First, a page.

Traditional neighborhoods and modern architecture
Scott Greider, over on his personal blog, quotes a portion of the San Jose historic design guidelines that addresses the role of modern architecture in older neighborhoods. (If you’re adventurous, you can download the entire 95-page PDF.)
What does San Jose say? It says, “Bring it on”:
Rather than imitating older buildings, a new design should relate to the traditional design characteristics of a neighborhood while also conveying the stylistic trends of today. New construction may do so by drawing upon some basic building features — such as the way in which a building is located on its site, the manner in which it relates to the street and its basic mass, form and materials — rather than applying detailing which may or may not have been historically appropriate. When these design variables are arranged in a new building to be similar to those seen traditionally in the area, visual compatibility results. Therefore, it is possible to be compatible with the historic context while also producing a design that is distinguishable as being newer.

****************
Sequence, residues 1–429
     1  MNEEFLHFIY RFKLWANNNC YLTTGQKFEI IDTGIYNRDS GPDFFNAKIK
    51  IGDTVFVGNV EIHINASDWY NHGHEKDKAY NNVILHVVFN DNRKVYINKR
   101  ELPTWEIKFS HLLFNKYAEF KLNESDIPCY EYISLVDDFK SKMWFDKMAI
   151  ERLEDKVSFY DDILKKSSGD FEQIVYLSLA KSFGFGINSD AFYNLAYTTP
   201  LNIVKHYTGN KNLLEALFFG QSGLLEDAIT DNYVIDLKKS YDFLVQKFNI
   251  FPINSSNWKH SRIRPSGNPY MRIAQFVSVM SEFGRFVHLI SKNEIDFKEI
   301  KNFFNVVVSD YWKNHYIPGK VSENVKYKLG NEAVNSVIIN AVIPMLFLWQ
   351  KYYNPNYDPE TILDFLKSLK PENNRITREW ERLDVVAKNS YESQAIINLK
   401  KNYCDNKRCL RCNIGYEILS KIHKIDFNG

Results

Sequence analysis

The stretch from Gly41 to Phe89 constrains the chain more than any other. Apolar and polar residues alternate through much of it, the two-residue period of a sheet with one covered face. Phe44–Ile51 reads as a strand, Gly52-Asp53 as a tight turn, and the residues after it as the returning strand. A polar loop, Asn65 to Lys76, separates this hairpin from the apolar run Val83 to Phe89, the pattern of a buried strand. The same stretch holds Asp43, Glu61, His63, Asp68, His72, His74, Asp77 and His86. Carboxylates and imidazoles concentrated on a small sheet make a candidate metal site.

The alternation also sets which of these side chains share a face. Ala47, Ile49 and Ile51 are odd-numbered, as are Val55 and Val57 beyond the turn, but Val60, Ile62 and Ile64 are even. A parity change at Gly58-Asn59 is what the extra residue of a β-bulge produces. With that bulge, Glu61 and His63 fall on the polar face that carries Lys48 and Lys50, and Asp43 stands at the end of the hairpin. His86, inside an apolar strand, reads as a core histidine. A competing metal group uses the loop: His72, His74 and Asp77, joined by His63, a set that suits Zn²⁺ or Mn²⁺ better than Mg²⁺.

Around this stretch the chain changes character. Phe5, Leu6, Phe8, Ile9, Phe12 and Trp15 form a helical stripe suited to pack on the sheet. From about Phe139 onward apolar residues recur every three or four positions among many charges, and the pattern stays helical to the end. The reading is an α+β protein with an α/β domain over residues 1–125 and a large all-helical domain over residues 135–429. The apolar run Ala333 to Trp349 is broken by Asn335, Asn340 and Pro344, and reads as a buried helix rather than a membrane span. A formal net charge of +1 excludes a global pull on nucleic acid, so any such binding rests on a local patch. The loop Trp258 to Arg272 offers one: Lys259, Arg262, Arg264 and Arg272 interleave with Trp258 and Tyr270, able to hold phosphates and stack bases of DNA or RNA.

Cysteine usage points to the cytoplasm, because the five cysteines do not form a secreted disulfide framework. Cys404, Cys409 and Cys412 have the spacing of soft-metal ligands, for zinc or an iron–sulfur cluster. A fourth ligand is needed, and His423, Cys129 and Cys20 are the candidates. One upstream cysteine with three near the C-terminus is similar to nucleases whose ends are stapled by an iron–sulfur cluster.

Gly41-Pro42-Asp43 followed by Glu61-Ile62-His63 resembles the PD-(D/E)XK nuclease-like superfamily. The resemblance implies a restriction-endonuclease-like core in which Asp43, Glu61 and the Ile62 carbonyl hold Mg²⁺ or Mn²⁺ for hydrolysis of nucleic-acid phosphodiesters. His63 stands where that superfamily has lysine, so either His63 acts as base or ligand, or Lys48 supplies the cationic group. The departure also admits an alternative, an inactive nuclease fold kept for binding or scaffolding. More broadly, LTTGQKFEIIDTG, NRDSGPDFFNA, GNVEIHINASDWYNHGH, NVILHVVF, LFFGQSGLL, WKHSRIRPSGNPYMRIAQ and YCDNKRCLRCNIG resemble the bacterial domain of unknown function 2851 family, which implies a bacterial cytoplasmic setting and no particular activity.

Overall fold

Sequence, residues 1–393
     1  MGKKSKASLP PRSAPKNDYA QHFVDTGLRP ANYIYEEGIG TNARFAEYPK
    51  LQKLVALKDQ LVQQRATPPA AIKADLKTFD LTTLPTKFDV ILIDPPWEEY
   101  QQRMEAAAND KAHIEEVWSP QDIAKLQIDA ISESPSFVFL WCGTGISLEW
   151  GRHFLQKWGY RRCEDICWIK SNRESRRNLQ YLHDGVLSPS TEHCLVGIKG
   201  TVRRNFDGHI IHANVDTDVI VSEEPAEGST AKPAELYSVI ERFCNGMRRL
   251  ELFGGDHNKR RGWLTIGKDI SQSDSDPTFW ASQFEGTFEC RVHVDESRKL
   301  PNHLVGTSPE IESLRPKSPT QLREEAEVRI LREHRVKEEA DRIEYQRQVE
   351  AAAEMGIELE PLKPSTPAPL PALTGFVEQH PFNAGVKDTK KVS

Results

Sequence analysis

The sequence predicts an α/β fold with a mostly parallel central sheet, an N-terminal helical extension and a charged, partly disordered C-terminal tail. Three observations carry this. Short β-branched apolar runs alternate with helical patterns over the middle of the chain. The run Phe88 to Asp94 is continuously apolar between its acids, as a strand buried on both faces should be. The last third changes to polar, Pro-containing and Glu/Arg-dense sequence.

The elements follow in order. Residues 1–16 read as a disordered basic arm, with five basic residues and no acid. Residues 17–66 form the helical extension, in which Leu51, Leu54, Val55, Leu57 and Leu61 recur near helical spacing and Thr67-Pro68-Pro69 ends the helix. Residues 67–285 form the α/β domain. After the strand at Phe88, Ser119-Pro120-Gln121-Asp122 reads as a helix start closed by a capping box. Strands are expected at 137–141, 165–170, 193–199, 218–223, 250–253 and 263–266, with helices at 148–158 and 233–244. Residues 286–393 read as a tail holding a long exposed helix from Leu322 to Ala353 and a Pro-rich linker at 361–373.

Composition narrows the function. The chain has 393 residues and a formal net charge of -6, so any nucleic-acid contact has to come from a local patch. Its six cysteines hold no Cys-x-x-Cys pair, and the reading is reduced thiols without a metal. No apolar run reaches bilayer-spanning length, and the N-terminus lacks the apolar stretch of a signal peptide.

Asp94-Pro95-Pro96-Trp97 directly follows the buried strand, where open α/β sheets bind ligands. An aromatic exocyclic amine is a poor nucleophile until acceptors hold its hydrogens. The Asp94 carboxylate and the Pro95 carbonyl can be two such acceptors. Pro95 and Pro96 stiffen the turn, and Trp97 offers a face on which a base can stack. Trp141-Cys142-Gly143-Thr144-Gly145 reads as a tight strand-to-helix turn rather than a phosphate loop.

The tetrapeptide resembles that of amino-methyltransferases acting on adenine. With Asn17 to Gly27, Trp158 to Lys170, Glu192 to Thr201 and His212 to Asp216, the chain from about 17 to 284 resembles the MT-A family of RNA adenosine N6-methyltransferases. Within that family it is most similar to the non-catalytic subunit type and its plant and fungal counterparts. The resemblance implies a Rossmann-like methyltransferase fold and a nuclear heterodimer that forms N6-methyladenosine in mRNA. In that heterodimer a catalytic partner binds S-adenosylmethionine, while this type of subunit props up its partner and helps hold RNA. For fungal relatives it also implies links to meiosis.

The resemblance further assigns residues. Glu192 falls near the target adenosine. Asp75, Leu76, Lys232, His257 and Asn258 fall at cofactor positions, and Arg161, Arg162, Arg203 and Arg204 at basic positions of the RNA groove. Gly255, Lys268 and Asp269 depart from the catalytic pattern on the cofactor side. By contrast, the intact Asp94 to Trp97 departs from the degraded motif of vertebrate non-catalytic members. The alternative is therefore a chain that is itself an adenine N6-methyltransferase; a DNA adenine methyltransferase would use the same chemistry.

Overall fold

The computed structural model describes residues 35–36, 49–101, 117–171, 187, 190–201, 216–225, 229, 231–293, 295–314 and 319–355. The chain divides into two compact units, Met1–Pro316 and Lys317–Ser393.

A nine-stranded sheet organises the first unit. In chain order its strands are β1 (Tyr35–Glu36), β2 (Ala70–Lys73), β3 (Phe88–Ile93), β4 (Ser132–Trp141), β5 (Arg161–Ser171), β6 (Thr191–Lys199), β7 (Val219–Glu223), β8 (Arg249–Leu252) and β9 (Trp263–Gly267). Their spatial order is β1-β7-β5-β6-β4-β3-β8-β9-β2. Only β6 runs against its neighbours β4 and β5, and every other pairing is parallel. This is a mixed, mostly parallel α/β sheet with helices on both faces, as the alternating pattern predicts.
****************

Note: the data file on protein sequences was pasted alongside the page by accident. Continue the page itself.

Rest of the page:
A modern-style home can be a wonderfully contrasting complement to a historic neighborhood. It certainly beats decay and vacant lots, and it also beats a hundred suburban neo-Colonials with three-car garages in front.
I can’t say the modern home above is my style, but frankly, plenty of older, classical homes aren’t my style, either.
The style of the structure is not the main point. Urbanism is site plan more than architecture. If you bring the house close to the sidewalk, put the parking or garage in the back and make the front wall permeable (that is, not a blank wall), you are strengthening a neighborhood, no matter the style of architecture.
— photo of modern townhouse in Lincoln Park, Ill., by Scott Greider on Flickr